STEP 3 – Contact [Your Selected] Contractor
We will  meet with you and discuss your requirements, the proposed work and the spaces involved, and your budget.  It is best to meet with all decision-makers in the initial meeting. See my blog about Choosing the Right Remodel Contractor – Parts 2-6

STEP 4 – Preliminary Design Proposal – We use a Professional Services Agreement
We will put together the ideas discussed at our initial meeting and draw preliminary sketch(es) of the proposed work.  We can also do ‘walk-through’ screen shots to show you what it will ‘feel’ like when completed.  It helps once you see something like this in its basic form, nothing is confirmed here.  Depending on the extent of work we may meet again to check that you are happy with what we propose to do in this phase.  We should also be looking at and confirming some of the finishes you want in the remodel, as well as cabinets, appliances, trim, doors, windows, etcetera.

STEP 5 – Preparation of our Budget Proposal
Based on the preliminary design, we will put together a budget proposal for you.

STEP 6 – Preliminary Acceptance
This is your approval for us to proceed to the next step.  The pricing is getting close to being real and the preliminary design is confirmed now.

STEP 7 – Preparation of the Contract Price
We will undertake the following investigations to prepare a contract price: confirm local building authority’s preliminary approvals (and compliance with codes),  complete the design drawings and specifications, and  engage any needed design professionals and consultants.

STEP 8 – Final Acceptance, the Contract (Agreement) and Construction
Your acceptance of the contract price means we will prepare the contract documentation, provide a start date, contract duration, procure building permit(s) and commence work. Throughout the contract we will communicate regularly with you to ensure things are progressing satisfactorily, and that your remodel experience is a positive one.  When the work is completed the contract is finalized at the Final Completion.  This signifies the beginning of the maintenance period.  Any Punchlist items should be completed at this time.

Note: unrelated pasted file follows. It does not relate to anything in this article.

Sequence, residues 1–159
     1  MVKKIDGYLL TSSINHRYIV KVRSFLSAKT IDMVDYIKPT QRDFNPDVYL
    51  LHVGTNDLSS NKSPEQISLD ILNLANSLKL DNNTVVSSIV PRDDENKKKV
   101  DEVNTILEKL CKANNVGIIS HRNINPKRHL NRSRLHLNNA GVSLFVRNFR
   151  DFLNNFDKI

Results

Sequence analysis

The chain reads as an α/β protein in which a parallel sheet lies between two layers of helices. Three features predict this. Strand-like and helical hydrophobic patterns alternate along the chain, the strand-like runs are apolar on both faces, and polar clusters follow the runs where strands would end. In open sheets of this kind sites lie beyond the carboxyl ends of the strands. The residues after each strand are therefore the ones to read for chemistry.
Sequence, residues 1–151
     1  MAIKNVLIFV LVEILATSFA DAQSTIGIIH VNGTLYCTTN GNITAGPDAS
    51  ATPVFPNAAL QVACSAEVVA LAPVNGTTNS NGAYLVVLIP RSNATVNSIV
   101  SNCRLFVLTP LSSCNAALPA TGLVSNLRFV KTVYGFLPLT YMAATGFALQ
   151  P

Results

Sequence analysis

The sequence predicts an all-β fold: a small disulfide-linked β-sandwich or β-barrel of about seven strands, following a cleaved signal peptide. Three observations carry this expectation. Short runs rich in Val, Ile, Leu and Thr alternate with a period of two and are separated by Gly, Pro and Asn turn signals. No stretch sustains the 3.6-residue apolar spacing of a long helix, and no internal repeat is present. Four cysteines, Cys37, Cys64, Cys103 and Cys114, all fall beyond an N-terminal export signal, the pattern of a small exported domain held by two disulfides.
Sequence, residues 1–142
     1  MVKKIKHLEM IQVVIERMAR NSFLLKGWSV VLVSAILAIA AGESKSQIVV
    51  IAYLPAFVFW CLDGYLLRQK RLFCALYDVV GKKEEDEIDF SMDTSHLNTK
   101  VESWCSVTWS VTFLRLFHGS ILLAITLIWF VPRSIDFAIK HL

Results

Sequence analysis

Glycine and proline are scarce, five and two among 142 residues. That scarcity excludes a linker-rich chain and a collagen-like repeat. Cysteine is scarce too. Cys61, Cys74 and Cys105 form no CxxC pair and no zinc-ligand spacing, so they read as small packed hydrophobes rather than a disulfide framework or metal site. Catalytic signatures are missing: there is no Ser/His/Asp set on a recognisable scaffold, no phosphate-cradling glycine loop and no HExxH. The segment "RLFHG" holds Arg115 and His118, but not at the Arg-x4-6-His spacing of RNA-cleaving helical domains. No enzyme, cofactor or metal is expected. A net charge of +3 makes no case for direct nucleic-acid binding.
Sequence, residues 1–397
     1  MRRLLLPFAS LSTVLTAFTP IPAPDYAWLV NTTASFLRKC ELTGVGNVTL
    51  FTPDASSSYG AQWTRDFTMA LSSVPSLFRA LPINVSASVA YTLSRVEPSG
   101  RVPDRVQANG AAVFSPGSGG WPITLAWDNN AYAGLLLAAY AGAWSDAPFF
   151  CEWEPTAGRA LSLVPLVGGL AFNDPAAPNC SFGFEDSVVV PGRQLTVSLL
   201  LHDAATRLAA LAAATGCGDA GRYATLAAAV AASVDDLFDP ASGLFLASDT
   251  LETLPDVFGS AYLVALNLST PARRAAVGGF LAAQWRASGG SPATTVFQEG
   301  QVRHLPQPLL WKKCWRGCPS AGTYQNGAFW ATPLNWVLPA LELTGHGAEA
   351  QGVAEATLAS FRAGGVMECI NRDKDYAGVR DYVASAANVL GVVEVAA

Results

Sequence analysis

Posted in Bathroom Remodeling, Home, Kitchen Remodeling, Preparing for a Remodel, Remodel, Remodeling Basics, Remodeling Your Home, Whole-house Remodeling | Tagged , , , , , , , , , , | Leave a comment

My Floor Was Soft!!! (a follow up post to April 23)

(continued from My Floor Is Soft)

What we found . . .

Bathroom repairsHere’s a follow-up on the post I did recently (see link above) showing a floor that was in real need of repair.  We found damage within the floor system and in the head wall of the tub/shower, plus in the wall adjacent to the toilet.

Now, here’s what we did to repair: took out the valve that was leaking in the head wall of the tub/shower; removed the rotted framing within the wall (had to open the other side of the Bathroom remodelingtiled head wall to replace the valve that was leaking, and more framing that was damaged); removed the bad wood of the sub-floor and reinforced with a wood hardener, then fiberglass wood filler to replace the rotted wood that we took out (the wood was sound except on the surface – we checked under the floor also, just to make sure); next we installed new underlay for the flooring; last was the vinyl flooring material.  Here the wall is repaired but the plumbing valve is not yet replaced.

Bathroom repairsSo, the sub- floor here is ready to cover back up.  We used particle board as it’s inexpensive, very flat and swells when it gets wet – a problem not uncommon, particularly in rentals.

And,

here is the finished room

Bathroom remodelBath remodel
This is a client’s ranch style rental home so it’s also only a partial remodel to keep the costs down – typically these only get what’s needed actually done. We got the rotted material out of the room, re-plumbed the vanity sink and tub/shower, including under the floor, put new flooring and baseboard in and spruced up the painted surfaces a bit . . . ready for the next tenant.



Posted in Bathroom Remodeling, Crawl Space, Home, Moisture Damage, Remodel, Remodeling Your Home, The Crawl Space Below You | Tagged , , , , , , , , , , | Leave a comment